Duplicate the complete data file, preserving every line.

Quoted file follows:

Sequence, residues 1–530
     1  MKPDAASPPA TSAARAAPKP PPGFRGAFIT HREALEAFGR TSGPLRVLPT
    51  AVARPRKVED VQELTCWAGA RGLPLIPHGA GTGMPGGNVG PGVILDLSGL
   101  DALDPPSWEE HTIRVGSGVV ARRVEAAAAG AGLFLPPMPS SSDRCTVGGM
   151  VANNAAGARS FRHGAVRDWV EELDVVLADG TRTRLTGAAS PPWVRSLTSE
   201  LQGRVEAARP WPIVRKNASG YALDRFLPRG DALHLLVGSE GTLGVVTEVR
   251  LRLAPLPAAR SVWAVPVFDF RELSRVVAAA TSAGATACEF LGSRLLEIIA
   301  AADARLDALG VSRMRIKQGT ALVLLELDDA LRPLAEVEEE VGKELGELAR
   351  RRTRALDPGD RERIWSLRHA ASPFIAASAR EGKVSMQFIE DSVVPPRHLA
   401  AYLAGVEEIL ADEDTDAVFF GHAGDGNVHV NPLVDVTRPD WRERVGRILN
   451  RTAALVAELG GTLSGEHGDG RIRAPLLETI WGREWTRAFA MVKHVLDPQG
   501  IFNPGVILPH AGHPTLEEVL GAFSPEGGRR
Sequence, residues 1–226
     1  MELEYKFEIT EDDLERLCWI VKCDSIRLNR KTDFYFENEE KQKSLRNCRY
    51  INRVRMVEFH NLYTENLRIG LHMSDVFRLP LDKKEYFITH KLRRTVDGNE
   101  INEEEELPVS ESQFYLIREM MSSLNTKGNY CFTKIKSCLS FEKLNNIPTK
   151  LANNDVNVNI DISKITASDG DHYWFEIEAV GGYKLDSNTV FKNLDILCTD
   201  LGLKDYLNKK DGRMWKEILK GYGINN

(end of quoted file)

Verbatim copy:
Sequence, residues 1–530
     1  MKPDAASPPA TSAARAAPKP PPGFRGAFIT HREALEAFGR TSGPLRVLPT
    51  AVARPRKVED VQELTCWAGA RGLPLIPHGA GTGMPGGNVG PGVILDLSGL
   101  DALDPPSWEE HTIRVGSGVV ARRVEAAAAG AGLFLPPMPS SSDRCTVGGM
   151  VANNAAGARS FRHGAVRDWV EELDVVLADG TRTRLTGAAS PPWVRSLTSE
   201  LQGRVEAARP WPIVRKNASG YALDRFLPRG DALHLLVGSE GTLGVVTEVR
   251  LRLAPLPAAR SVWAVPVFDF RELSRVVAAA TSAGATACEF LGSRLLEIIA
   301  AADARLDALG VSRMRIKQGT ALVLLELDDA LRPLAEVEEE VGKELGELAR
   351  RRTRALDPGD RERIWSLRHA ASPFIAASAR EGKVSMQFIE DSVVPPRHLA
   401  AYLAGVEEIL ADEDTDAVFF GHAGDGNVHV NPLVDVTRPD WRERVGRILN
   451  RTAALVAELG GTLSGEHGDG RIRAPLLETI WGREWTRAFA MVKHVLDPQG
   501  IFNPGVILPH AGHPTLEEVL GAFSPEGGRR
Sequence, residues 1–226
     1  MELEYKFEIT EDDLERLCWI VKCDSIRLNR KTDFYFENEE KQKSLRNCRY
    51  INRVRMVEFH NLYTENLRIG LHMSDVFRLP LDKKEYFITH KLRRTVDGNE
   101  INEEEELPVS ESQFYLIREM MSSLNTKGNY CFTKIKSCLS FEKLNNIPTK
   151  LANNDVNVNI DISKITASDG DHYWFEIEAV GGYKLDSNTV FKNLDILCTD
   201  LGLKDYLNKK DGRMWKEILK GYGINN